NPP expansion Limitations in the NPP methods

I’m porting a pretty heavy IP library to NPP and was wondering about strategy. In manner of frank disclosure, I’m new to CUDA and NPP but have much shader and IP experience.

I was looking into the NPP API and it became obvious pretty early on that I will have to implement many methods in CUDA and unless there be some way to extend NPP I will have to do this in a 3rd library, is there some doc describing how to extend NPP? is this common practice? Is there any way to contact NVidia and ask for additions to the API?

To clarify, for instance (there are many others) I need to implemnt a isPositive method (which transforms an image buffer into a bit mask that is 1 whenever the image is positive), this can be done for instance with the threshold and division methods but not by any 1 method multiplying actual run time by 2.

You might want to look at CUVI Lib which is an add-on library for NPP. What we actually did was to use the NPP framework functions and write our own functions. The complete list of functions that are not available in NPP are:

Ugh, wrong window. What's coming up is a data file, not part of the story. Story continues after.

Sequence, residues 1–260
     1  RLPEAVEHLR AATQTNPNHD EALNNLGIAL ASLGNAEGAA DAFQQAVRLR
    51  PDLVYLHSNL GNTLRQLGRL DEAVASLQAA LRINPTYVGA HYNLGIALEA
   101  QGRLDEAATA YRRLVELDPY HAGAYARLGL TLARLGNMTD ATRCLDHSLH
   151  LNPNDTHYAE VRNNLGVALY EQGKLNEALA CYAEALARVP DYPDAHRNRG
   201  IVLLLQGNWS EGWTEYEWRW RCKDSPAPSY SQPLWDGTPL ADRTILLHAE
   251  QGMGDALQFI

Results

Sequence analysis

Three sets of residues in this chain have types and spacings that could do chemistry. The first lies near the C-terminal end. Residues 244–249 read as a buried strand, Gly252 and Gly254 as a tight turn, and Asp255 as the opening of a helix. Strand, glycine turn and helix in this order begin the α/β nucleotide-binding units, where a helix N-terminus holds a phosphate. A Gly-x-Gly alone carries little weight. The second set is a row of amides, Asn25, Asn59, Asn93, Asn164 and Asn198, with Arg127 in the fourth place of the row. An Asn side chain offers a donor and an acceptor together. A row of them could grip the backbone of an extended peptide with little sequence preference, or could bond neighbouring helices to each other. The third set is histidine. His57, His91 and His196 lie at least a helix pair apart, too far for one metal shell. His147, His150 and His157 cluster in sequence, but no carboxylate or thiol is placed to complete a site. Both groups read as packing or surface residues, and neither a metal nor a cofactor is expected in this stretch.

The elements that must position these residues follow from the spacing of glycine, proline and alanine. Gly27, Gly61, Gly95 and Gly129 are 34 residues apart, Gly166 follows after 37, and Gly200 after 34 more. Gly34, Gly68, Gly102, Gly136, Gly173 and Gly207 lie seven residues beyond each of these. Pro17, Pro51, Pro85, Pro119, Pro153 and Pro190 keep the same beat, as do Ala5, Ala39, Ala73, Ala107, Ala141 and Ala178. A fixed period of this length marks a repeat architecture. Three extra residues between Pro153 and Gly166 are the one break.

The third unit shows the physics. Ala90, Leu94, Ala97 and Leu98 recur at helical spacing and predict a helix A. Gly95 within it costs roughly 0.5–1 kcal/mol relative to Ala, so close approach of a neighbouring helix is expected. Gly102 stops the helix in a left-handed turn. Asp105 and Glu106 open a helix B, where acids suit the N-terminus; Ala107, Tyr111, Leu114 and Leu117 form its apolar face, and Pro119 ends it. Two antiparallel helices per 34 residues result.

* Optical Flow (Horn & Schunk)
* Optical Flow (Lucan & Kanade)
* Hough Transform
* Hough Lines
* 2D Discrete Wavelet Transform (Haar)
* 2D Discrete Cosine Transform
* RGB2Gray Color Conversion

The library is essentially 3rd party with NPP DLLs redistributed with the release. It’s freeware for the time being so you can try it out anytime.

Thanks for the response, I actually went ahead and implemented the whole library in CUDA (NPP was missing in addition to actual algorithms a number of input options I could not do without and which forced me to call 10 functions instead of one for converting to and from the inputs/ outputs ) , which was ok, but about NPP, is there any clear document describing how NPP was implemented over CUDA or what performance hits/advantages using NPP entails?